According to The Register’s history of the Electron, production had stopped before the Olivetti cash infusion; in February 1985:
But the Electron, seen to be low on Olivetti’s list of priorities too, managed to hold on. “We will be continuing to sell the Electron this year and hopefully next year as well,” pledged Reid, still interim chief executive and, ...
It cost me something like $50 all up to connect my Electron to the TV using an RGB to SCART cable (this one from eBay) and an RGB to HDMI converter like the one pictured below:
You can get this model from a bunch of different eBay sellers, under various different brand names, but they're all the same. I've tested it out with MODE 0 - MODE 6, and it seems ...
The Electron outputs an analogue interlaced 625-line image, with a line rate of 15.625Khz.
HDMI is a digital input, so cannot comprehend the Electron's analogue output.
VGA is analogue but many monitors expect a line rate of 31 kHz. It's not impossible that your screen would be okay with 15.625Khz though, as that's the PAL standard, so you could at least ...
Yes. The BBC has a Motorola 6845 generating its screen addresses. That's a flexible chip, with which the developer has wide control over screen sizing and placement.
The Electron has a custom ULA designed by Acorn to produce the same video address generation as the 6845 when configured in one of the built-in modes but its functionality is fixed.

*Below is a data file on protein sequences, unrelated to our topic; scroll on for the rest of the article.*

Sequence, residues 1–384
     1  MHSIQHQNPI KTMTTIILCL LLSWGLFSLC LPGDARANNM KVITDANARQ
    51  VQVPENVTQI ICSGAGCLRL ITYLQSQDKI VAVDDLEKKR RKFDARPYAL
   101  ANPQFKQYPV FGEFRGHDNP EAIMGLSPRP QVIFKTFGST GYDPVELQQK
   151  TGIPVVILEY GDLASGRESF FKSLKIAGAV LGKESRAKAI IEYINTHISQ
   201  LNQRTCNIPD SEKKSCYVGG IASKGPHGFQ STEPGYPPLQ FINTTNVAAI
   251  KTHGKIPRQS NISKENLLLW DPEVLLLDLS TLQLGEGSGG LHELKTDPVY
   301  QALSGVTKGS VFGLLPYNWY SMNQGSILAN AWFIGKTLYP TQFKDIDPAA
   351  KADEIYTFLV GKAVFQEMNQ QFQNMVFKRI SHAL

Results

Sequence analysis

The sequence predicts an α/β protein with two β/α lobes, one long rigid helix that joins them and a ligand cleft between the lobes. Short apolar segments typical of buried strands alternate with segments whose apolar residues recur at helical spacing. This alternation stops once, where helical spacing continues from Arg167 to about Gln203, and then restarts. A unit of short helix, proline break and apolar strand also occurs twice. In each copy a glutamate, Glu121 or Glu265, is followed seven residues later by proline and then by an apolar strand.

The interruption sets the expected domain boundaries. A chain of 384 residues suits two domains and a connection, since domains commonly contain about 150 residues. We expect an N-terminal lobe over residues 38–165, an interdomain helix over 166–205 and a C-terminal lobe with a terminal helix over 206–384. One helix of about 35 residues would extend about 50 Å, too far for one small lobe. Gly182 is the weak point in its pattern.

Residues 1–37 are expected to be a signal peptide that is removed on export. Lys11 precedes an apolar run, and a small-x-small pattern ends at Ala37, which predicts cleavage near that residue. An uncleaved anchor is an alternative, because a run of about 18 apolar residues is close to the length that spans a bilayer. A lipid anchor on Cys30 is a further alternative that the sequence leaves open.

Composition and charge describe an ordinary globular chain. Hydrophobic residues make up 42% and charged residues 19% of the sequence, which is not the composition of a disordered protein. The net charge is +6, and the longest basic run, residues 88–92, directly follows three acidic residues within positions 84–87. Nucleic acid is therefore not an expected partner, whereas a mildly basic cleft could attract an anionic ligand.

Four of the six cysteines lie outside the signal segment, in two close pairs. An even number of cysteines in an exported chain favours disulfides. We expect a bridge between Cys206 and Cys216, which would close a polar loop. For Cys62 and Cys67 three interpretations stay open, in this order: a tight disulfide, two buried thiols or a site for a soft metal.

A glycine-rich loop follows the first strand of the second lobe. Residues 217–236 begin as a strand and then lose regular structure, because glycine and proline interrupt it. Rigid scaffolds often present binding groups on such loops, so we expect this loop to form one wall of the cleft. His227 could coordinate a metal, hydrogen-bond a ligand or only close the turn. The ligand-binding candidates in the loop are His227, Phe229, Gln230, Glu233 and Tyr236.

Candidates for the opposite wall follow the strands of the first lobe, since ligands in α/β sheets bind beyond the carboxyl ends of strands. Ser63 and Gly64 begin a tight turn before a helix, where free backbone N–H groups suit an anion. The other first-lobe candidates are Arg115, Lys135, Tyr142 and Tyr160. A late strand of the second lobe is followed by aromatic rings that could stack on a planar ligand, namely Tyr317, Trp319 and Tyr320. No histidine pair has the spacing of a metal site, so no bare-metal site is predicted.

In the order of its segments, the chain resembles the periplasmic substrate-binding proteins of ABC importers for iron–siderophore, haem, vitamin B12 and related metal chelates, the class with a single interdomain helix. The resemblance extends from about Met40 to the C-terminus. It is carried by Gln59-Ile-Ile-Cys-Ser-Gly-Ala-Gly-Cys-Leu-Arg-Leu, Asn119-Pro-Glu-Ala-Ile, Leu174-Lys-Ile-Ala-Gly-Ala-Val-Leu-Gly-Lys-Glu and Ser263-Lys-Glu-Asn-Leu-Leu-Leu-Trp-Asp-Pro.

So on a ...
Only very rarely because the tape hardware is completely distinct between the two machines, it’s very lightly documented and somewhat peculiar on the Electron, is fairly fixed in its functionality, the built-in routines are pretty good (including rewind and retry), and using the standard routines gives you a trivial pathway to adapting your title to ROM or ...
Sorry for being vague, but I believe of of the beeb racing games (may be revs) hides some code on screen in the sky area. A couple of timer interrupts to change the pallet was much easier than the practically unknown at the time "virtical rupture".
You might want to check this site out. It appears there are a bunch of utilities that help "clean" the sound, the fact that these exist probably mean that these UEF files are especially sensitive to signal/noise issues.
Get uefwalk from here or elsewhere.
./uefwalk --output=bitstream in.uef |
./kleen/bitclean -i -|
aplay -f cd -c 1
Replace aplay with
sox -t raw -c 1 -L -b 16 -e signed -r 44100 - -t wav out.wav
if you want to save the output rather
than play it.
In my experience this has proved perfectly reliable at getting data into a BBC Micro. I ...